Democracy on the critical list: How do we escape this toxic political cycle?

November 9, 2014 § Leave a comment

Originally posted on Finnish Perspective:

Democracy Flatline

This piece from Salon by is the best description or our present status and his thought on where we might be headed is the best I have read so far on the subject. However the “liberals”  and “progressives’ who may read this or Salon would disagree and not be terrible happy about his assessment of their delusions and fantasies. I will highlight those passages I feel are the most important.

Everyone understood that the Republicans would make substantial gains in the 2014 midterm elections. That’s business as usual in the dumbed-down Newtonian physics of American politics. Almost every midterm since the current two-party system began to take shape at the end of the 19th century has involved the president’s party losing seats in the House and Senate. But this week’s calamitous wipeout came as a surprise to everyone, Republicans included. Even GOP strategists cautioned that the…

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Slavery ….. Connecting the dots

November 2, 2014 § Leave a comment

Originally posted on Finnish Perspective:

Hands Tied

After reading this piece in Alternet by Frank JoyceA Visit to the Slavery Museum: How the Legacy of Slavery Is Linked to White Racism Today,I felt I just had to write about it and what has been going through my mind. I know most would like me to get off of this subject but I cannot help but get the feeling that a lot of white folk – especially those who are on the political left – still do not get it. Joyce – who also writes for Salon and has done interviews with Thom Hartman – really does connect some dots that leads right to where we are right now.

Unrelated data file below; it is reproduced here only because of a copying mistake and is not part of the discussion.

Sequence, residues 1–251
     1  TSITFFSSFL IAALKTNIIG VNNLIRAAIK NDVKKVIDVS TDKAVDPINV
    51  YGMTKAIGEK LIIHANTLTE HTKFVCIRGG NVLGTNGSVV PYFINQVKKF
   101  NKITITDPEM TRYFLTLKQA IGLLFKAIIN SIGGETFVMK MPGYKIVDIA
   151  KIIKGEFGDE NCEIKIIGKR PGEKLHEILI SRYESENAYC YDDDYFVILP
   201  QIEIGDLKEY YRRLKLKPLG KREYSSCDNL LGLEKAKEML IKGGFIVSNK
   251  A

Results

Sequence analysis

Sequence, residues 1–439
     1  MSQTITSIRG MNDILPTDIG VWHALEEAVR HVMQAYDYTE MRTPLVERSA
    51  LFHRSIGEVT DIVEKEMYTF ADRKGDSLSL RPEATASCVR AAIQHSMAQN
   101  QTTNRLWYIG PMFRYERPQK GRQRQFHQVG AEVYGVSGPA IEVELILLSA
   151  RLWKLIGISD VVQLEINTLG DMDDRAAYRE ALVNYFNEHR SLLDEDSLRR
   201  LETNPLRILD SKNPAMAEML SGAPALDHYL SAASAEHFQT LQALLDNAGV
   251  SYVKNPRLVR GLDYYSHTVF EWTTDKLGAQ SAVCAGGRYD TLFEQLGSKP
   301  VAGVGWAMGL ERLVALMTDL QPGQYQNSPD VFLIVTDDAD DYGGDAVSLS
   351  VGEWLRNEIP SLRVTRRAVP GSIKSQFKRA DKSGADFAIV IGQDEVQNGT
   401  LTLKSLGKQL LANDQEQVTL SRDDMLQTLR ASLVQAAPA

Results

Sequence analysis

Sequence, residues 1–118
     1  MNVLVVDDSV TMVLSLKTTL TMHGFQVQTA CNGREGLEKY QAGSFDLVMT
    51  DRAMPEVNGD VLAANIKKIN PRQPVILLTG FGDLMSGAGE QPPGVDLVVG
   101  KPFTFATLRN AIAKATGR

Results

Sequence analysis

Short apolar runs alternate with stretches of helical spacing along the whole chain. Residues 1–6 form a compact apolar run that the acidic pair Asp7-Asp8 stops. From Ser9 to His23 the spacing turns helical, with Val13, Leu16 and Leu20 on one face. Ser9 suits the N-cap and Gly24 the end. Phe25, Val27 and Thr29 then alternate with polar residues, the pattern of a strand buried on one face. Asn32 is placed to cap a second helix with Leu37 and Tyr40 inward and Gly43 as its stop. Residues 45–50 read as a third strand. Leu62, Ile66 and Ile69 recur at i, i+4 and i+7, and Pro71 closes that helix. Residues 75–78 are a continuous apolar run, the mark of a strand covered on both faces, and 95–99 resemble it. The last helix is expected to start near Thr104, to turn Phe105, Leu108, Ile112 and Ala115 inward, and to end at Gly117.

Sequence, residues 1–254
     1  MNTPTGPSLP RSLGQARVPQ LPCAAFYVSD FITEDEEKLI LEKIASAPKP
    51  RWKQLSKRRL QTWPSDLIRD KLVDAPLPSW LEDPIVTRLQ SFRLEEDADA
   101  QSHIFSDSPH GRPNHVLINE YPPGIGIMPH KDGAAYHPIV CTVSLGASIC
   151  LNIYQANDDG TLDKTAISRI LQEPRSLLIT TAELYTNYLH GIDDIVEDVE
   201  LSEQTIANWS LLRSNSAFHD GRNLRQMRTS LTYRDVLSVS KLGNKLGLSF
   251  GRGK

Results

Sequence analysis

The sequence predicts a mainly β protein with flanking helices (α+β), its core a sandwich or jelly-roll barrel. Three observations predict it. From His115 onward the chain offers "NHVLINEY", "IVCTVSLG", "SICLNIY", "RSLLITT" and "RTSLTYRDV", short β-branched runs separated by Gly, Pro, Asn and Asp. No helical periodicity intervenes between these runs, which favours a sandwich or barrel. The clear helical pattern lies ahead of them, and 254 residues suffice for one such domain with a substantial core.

He begins with his visit to Old Slave Market Museum in Charleston SC. That this was at one time the location of The Old Slave Market and then how the Slave Market did it’s best…

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40 Acres and A Mule

October 29, 2014 § Leave a comment

Originally posted on Finnish Perspective:

40 Acres and a mule

Got into a discussion the other day on Facebook about whether or not the Slaves, once freed, received anything for their trouble. The answer, it turns out, is absolutely nothing. Zip, zilch, nada, zero. I remember seeing that PBS series on The Civil War and thought I remembered seeing where they got some land or something.

Well here is the story. They did…for a very short time. But let me back up a bit. Back in 1820 Joseph E. Davis, the younger brother of Jefferson Davis, established the plantation Hurricane at Davis Bend, Mississippi.

Davis was influenced by the utopian ideas of Robert Owen, whom he met in the 1820s during Owen’s tour in the United States. When he established his plantation Hurricane at Davis Bend, Davis worked to create a model slave community there. He hoped to show that a higher functioning community…

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An Extremely Late Friday Afternoon at the Haikulodeon

October 11, 2014 § Leave a comment

Originally posted on The haikulodeon:

Here’s this week’s heap of haikus:

Thus each day must end,
to let each night begin so